Other sections of this article provide for assistance of the sheriff by bystanders; the removal of the prisoner to state prison or reformatory; and the aid of the militia.

Since the legislature seemed to realize that the sheriff and his deputies usually were powerless before a mob, it made the second clause of section 1007 a loophole providing for his reinstatement by the governor, if justified after an examination, and in the lynchings which have occurred since then the sheriff has been returned to office immediately. In a case in 1916 "friends got busy in his behalf and after four days had elapsed he was reinstated." 74 In 1932 he "filed his petition and after a secret court behind closed doors the governor reinstated him." 75

Several states have enacted laws designed to suppress lynchings.

YOST: LYNCHINGS IN KANSAS 207

In Kentucky "the penalty for lynching shall be confinement or life imprisonment. The penalty for attempted lynching shall be confinement in the penitentiary for not less than two years nor more than twenty-one years." It also provides for the removal of a culpable officer, as do Indiana and Florida. North Carolina permits the judge of the court issuing the indictment to transfer trial of the case to another court without preliminary appearance of the defendant before him, which allows the accused to be taken into another court for safe-keeping and to be tried there without danger of being mobbed. Minnesota and Ohio have drastic penalties for lynchers and to prevent lynchings. West Virginia and South Carolina give representatives of the person put to death the right to sue in the courts for damages against the county in which the lynching took place, the maximum amount in West Virginia being $5,000.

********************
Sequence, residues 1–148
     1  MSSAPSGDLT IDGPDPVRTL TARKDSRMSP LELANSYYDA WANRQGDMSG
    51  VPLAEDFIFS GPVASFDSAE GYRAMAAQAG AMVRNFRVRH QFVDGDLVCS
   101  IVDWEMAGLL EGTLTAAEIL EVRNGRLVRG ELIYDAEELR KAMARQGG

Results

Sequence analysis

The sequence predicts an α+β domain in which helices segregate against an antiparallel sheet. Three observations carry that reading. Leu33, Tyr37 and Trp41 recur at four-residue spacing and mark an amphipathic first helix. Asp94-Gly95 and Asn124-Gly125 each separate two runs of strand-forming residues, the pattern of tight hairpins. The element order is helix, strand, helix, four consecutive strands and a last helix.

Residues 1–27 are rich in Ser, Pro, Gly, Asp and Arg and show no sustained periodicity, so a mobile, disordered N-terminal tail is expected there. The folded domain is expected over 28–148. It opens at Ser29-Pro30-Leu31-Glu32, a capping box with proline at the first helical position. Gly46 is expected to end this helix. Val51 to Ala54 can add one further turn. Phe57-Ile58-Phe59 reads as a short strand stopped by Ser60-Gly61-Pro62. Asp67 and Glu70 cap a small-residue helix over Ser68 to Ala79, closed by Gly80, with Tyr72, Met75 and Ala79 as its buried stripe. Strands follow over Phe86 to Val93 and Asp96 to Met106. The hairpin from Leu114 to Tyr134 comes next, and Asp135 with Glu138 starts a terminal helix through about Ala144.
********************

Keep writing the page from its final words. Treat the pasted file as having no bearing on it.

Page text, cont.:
As administration of the criminal law is in the hands of the several states the federal government cannot deal with the participators of a lynching unless it occurs on government reservations. Efforts to secure enactment of federal legislation upon the subject resulted in the passage by the house of representatives on January 26, 1922, by a vote of 230 to 119, a bill that was known as the Dyer antilynching bill, introduced by the republican representative, Leonidas Carstarphen Dyer, from, Missouri. This provided that culpable state officers and members of lynching mobs should be tried in federal courts upon the failure of state courts to act, with sentences of fines or imprisonment; it forbade and penalized any interference with an officer protecting a prisoner from lynching; it penalized an official who failed to do his duty in preventing a lynching; and it penalized a county or counties which failed to use all reasonable effort to protect citizens against mob violence, to the extent of $10,000 recoverable in a federal court. There was much dissension over the constitutionality of the bill, on the point of usurpation of state rights by the federal government, but the supreme court was never called upon to decide. A debate before the committee on the judiciary, house of representatives, gave both arguments

"There can be no question that the denial to persons of a class of the equal protection of the laws by officers of or under the state, charged with their equal enforcement, is the act of the state, and that the failure of the state through its officers to give the equal protection of its laws to a class must justify the intervention of the United States under the fourteenth amendment to carry out its guaranty of equal protection . . . . We hold it to be incontrovertible principle that the government of the United States may by

208 THE KANSAS HISTORICAL QUARTERLY